May served for six years as home secretary — essentially interior minister, in charge of domestic security and immigration — in Cameron’s government, always the outsider in a chummy cabinet filled with a posh set of private-school debating champs.

“I know I’m not a showy politician,” May said when she announced her bid to become prime minister in June 2016, when Cameron abruptly resignation after losing the Brexit referendum. “I don’t tour the television studios. I don’t gossip about people over lunch. I don’t go drinking in Parliament’s bars. I don’t often wear my heart on my sleeve. I just get on with the job in front of me.”

Last week was among the most tumultuous in the Conservative Party’s 184-year history — and that is squarely on May. She lost the vote on her Brexit deal by an eye-popping 230 votes, with more than a third of Tories joining the opposition to reject the withdrawal agreement she claimed was the best and only deal. The next day, Conservative lawmakers snapped back into formation and were unanimous in supporting May’s government in a no-confidence vote called by the leader of the opposition Labour Party.

Marcus Roberts, director of international projects at the YouGov polling agency, said when May became prime minister in the wake of the 2016 Brexit referendum, there was “relief that there was an adult in the room, and the public seemed to respond positively to the strength and certainty that she offers them.”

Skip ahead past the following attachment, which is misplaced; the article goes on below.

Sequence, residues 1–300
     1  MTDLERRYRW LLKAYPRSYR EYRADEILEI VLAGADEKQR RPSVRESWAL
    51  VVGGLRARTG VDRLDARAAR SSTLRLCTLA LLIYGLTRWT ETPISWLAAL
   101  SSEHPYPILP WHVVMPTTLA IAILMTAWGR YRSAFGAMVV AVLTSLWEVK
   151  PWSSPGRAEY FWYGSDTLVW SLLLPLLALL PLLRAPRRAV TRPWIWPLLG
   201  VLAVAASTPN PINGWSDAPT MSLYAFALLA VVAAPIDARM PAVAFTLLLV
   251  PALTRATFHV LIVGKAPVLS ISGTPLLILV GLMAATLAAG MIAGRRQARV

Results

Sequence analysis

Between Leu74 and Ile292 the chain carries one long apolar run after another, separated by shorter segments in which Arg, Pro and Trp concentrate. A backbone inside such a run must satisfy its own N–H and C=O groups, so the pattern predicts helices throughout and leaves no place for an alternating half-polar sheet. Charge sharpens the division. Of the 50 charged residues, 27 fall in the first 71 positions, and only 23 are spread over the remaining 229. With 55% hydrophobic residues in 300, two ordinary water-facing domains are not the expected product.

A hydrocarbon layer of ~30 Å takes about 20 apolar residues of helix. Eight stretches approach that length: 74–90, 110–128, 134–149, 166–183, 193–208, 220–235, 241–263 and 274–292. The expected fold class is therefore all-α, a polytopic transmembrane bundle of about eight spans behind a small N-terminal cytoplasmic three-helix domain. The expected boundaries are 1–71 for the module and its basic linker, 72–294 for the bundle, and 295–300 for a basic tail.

Things started to sour in 2017, when May called a general election that she didn’t have to — and lost her government’s majority. May was robotic, out of touch, a poor campaigner.

Today, “voters admire her grit, her tenacity and her principled support of the deal she's negotiated. They like the way she is fighting for it, but there is a big caveat,” Roberts said, based on his interpretation of the polls. “Voters refuse to back the deal.”

“So they like her, even if they disagree with her,” Roberts said. “She still draws from a well of sympathy from voters that says that she isn't responsible for this.” 

It is important here, to remember that May in 2016 campaigned to remain in the European Union. 

“Boris Johnson, Michael Gove, Nigel Farage, they all win,” Roberts said. “But she is the cleanup crew, she is the one who has to sort it out. Even though this is her deal, voters still don’t consider this to be her mess, and that is a really interesting thing.”